Globetrotter Howard Berlin, better known in the hobby as The Numismatourist, traveled to Madrid, Spain recently, and he filed this report
for E-Sylum readers. Thanks! -Editor
This trip was a bit different most of my previous ones – my wife would be joining me and we would be celebrating our 40th wedding
anniversary at the trip’s end. Our trip would cover Madrid plus a number of cities down to the Costa del Sol and Gibraltar, and then a few
days in London to include a day trip to Oxford.
Our first stop was Madrid, a city I had been to several times. Besides, tapas and other culinary specialties, it has three numismatic
venues, which for various reasons, I was not able to visit two of them on my previous visits – only seeing the buildings from the street.
This time would be different, making appointments with the museums.
Street view of Madrid’s Royal Mint.
Partial view of one of the many mint museum’s many galleries.
Early Saturday morning we went to see the museum at Spain’s Royal Mint, Real Casa de Moneda. I had written Juan V. Teodoro Vidal, the
museum’s director several weeks before and he was able to clear the way for my visit and allow me to take photographs. We were directed to
the third floor where the permanent exhibit was located in more than 17 rooms, or halls. My only complaint to what was otherwise an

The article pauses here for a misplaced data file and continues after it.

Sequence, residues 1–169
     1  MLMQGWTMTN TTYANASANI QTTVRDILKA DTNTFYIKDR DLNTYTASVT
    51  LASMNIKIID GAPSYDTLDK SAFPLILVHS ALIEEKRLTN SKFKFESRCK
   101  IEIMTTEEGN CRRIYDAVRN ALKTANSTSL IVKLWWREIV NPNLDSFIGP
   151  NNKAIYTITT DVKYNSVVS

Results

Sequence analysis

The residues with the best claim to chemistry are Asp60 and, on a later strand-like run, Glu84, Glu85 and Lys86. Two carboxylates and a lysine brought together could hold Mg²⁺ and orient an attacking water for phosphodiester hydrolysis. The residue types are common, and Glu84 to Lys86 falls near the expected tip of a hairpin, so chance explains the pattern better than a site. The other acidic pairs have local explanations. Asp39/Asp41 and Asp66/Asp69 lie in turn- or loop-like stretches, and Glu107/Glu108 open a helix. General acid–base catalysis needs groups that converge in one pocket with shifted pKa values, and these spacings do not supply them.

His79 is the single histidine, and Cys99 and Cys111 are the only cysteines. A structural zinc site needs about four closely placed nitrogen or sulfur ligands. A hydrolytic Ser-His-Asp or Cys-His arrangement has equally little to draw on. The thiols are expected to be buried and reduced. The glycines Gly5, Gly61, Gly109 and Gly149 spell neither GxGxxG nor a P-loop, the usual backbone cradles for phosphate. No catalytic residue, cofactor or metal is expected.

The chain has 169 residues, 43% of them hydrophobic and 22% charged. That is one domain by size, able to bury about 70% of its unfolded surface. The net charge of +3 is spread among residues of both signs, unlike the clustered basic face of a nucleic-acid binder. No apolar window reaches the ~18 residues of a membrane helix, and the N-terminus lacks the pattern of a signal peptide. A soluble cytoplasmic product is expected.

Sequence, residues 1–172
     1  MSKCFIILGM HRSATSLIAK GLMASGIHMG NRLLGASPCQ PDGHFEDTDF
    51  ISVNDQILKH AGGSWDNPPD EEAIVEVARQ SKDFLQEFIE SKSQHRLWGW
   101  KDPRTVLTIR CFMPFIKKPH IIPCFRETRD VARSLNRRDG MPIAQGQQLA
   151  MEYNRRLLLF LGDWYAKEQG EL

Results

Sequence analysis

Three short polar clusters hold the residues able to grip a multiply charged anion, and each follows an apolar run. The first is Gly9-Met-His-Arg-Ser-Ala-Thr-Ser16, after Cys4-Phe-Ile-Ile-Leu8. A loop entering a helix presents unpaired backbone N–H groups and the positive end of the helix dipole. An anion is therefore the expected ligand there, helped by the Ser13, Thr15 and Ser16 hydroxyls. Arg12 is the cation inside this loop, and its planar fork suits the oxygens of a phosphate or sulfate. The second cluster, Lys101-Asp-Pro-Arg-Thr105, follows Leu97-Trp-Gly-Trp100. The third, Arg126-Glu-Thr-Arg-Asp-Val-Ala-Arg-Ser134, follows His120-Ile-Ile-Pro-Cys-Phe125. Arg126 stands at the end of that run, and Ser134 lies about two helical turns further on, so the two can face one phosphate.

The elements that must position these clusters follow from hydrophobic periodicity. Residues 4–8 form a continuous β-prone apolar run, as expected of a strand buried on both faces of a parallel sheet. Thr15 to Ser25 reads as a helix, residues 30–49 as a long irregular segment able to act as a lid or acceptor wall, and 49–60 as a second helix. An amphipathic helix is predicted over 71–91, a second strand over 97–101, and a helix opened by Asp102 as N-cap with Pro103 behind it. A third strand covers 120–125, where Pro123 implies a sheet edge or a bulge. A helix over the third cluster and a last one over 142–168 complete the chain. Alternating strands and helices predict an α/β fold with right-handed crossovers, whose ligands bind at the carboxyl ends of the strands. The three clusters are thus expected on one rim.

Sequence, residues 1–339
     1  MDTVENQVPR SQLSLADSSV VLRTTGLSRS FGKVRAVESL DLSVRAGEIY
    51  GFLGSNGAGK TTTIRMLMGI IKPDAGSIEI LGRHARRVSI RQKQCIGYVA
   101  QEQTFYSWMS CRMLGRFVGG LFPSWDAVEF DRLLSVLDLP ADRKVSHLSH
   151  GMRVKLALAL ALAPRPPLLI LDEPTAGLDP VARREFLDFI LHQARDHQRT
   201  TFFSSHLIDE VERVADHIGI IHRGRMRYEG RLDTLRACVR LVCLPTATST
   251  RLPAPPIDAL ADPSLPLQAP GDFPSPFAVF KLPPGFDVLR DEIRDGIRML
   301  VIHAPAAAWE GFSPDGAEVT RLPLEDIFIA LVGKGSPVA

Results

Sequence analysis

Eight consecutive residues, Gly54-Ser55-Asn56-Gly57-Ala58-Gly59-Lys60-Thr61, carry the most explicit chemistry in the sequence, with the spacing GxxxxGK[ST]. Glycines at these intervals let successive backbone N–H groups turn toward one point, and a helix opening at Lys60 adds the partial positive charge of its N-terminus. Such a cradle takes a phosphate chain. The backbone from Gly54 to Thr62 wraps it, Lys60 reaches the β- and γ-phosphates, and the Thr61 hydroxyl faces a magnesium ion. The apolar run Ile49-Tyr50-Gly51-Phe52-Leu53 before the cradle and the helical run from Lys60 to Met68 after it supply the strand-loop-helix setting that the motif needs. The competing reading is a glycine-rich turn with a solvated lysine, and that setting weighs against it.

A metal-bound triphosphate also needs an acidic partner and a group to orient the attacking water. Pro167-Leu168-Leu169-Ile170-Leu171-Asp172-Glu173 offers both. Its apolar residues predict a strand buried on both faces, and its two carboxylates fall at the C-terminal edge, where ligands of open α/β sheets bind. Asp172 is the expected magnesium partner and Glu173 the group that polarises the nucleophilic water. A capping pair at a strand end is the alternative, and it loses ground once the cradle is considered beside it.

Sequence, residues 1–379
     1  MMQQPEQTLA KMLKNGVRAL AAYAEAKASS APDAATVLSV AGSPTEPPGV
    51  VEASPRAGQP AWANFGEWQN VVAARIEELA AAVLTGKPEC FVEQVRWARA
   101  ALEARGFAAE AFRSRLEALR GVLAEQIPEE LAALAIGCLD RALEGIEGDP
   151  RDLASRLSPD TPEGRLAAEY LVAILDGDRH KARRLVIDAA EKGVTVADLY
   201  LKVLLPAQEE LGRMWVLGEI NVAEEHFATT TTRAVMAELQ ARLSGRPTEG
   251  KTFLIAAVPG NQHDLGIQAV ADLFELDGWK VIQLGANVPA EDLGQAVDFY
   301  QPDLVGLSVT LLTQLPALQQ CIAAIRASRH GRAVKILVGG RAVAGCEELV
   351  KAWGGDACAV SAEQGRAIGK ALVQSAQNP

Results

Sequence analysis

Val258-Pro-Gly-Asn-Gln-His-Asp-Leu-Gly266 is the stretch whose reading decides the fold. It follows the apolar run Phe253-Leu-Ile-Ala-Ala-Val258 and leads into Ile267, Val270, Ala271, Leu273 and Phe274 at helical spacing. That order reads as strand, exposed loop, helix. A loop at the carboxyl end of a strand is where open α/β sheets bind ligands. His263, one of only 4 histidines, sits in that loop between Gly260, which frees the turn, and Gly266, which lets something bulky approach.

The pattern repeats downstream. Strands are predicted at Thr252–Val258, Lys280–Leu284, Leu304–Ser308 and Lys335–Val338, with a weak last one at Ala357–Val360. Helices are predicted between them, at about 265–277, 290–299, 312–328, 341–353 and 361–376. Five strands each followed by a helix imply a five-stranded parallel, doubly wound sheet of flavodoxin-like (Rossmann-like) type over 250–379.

excellent exhibition in its breath and scope, was that the explanatory text is only in Spanish (yo no hablo español).
Front facade of the National Archeological Museum.
View of the National Archeological Museum’s exhibit on the mezzanine with a fly, or screw press in the foreground.
After the visiting the Royal Mint’s museum, we took the metro to National Archeological Museum. Compared with the Royal Mint, this
museum’s numismatic exhibition is quite a bit smaller in its breadth but just as interesting, occupying 14 displays on one section of the
One of the many sellers at the weekly Sunday flea market under the arcades of the Plaza Mayor. The sign says “I buy coins and
On Sundays from 9 am to 3 pm, there is an outdoor flea market of both numismatic and philatelic items held under the arcades of the
Plaza Mayor – a well-known Madrid tourist spot which has an infamous past. The Plaza Mayor is an enclosed rectangular square with nine
entrances that was originally built in 1619 and last reconstructed in 1790 after a series of fires. There are three stories with
residential units having over 230 balconies facing the plaza above arcades that surround it. Over the centuries the plaza has been graced
with the royal court, bullfights, and the Spanish Inquisition, where suspected heretics were tried and quickly executed.
Today, as it is every Sunday morning, rain or shine, many of Madrid’s coin and stamp buyers and sellers converge on the Plaza Mayor’s
arcades for the weekly flea market. This is nothing fancy. Some sellers operate using a simple card table and a few notebooks filed with
coins; other have more elaborate setups. Most of the items are Spanish coins, banknotes, postcards, bottle caps, and stamps, but on any
given day, some dealers will have non-Spanish items, even U.S. mint and proof sets. It gives a good idea what some Spaniards collect. Like
most flea markets, some haggling is encouraged.
Next: Oxford and the Ashmolean Museum
Wayne Homren, Editor
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